What Is the Relationship Between Bullying and Depression?

Most of us are familiar with the statistics–victims of bullying, as well as the bullies themselves, are at a higher risk of depression and other mental illnesses than those who never encounter bullying. Mental health research has even been looking at the link between bullying and suicide, further cementing the relationship between bullying and depression as a dangerous one. Does that mean that if you’ve been bullied (or are a bully yourself) you’re doomed to have depression and experience suicidal thoughts? Not necessarily, but it would be wise to watch out for the signs and symptoms.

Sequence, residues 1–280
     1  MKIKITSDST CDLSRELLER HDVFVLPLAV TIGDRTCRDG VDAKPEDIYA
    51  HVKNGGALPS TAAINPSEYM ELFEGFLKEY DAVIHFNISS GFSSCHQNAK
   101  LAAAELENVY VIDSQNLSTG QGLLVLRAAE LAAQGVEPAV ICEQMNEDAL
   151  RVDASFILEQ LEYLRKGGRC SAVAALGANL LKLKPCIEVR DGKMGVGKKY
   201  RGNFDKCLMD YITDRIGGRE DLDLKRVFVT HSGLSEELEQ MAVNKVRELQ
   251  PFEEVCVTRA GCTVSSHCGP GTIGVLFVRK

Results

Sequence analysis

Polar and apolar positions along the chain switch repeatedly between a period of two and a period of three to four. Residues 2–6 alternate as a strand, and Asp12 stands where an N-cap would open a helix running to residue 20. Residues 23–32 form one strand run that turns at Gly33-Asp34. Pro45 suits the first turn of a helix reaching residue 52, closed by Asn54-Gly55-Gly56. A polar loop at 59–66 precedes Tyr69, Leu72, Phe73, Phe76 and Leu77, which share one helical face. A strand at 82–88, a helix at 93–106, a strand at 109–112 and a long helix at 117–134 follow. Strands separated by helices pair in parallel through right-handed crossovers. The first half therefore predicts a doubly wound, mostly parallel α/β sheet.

What Does Depression Look Like?

Someone suffering from depression might exhibit symptoms like a persistent feeling of worthlessness, hopelessness, increased isolation, physical exhaustion, irritability, etc. Some colloquially refer to depression as “The Big Sad,” leading to the popularity of TikToker @skettska’s “Life Hacks for The Big Sad” series. With such a vast range of symptoms, depression also boasts a range of causes. Depression can stem from childhood trauma such as bullying, but it can also happen because of chemical imbalance, relationship or career challenges, or chronic physical pain. Some experience temporary, situational bouts of depression, while others contend with a lifelong, clinical illness. Regardless, everyone with depression deserves support on their journey toward better mental health.

What Does Bullying Look Like?